Spine Rehab Exercises

Spine rehab exercises are concerned about increasing mobility, muscle strength and spinal alignment. These exercises will help increase your muscles’ ability to stabilize your spine, reduce your pain intensity and improve your overall functionality, states the National Institute of Sports Medicine and Athletic Trauma. Doing the exercises on a consistent basis will provide you with the best results. Consult with your physician or physical therapist to develop an exercise program.

Neck Stretching & Strengthening

Some rehab exercises affect your upper spine, known as the cervical spine. According to the National Institute of Sports Medicine and Athletic Trauma physical therapy site at nismat.org, you need to stretch and strengthen your neck.
Stretch your neck by doing a head turn. Slowly turn your neck to the left side. Keep your shoulders relaxed. Turn your head until you feel a stretch. Hold this stretch for six seconds. Slowly return to the original position. Relax for five seconds. Repeat this exercise three times. Do the exercise to your right side.
Start strengthening your neck by standing with your back against a wall. Press the back of your head into the wall. Tuck your chin as you do this. Hold this position for 10 seconds. Relax for five seconds. Repeat this exercise three times.

Abdominal Contractions

Abdominal contractions will strengthen and stabilize the lumbar spine, which is the lowest part of the spine.
The American Academy of Orthopedic Surgeons suggests the following: Lie on your back and bend your knees until your feet are flat on the floor. Place your hands on your stomach. Tighten your abdominal muscles as you squeeze your ribs down towards your back. Hold this contraction for five seconds. Release the tension. Relax for five seconds. Repeat this exercise 10 times.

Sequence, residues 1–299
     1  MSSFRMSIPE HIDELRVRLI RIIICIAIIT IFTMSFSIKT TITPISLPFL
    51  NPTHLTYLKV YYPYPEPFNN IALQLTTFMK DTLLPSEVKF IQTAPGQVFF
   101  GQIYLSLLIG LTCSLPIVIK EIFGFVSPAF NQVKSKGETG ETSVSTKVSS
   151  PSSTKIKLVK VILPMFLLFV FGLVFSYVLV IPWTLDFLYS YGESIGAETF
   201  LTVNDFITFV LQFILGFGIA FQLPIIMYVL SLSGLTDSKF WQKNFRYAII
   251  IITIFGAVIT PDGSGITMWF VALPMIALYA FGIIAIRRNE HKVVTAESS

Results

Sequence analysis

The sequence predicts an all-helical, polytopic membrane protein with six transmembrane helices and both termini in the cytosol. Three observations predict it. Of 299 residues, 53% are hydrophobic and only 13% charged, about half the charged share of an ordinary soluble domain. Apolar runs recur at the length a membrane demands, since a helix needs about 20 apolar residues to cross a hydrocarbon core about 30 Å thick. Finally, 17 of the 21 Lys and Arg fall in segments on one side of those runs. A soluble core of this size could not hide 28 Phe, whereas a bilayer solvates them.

Wall Squats

Wall squats are spine rehab exercises that will strengthen your entire spine. according to the American Academy of Orthopedic Surgeons. Stand with your back against a wall, move your feet forward for about 12 inches. Tighten your abdominal muscles. Slowly lower yourself. Gently bend your knees to a 45 degree angle. Do not bend them farther than this angle. Hold this position for five seconds. Slowly return to your upright position. Relax for five seconds. Repeat this exercise 10 times.

About this Author

Crystal Welch has a 30-year writing history. Her more than 2,000 published works have been included in the health and fitness-related Wellness Directory, Earthdance Press and Higher Source. She is an award-winning writer who teaches whole foods cooking and has written a cookbook series. She operates an HON-code-certified health-related blog with more than 95,000 readers. Welch has a B.B.A. from Eastern Michigan University.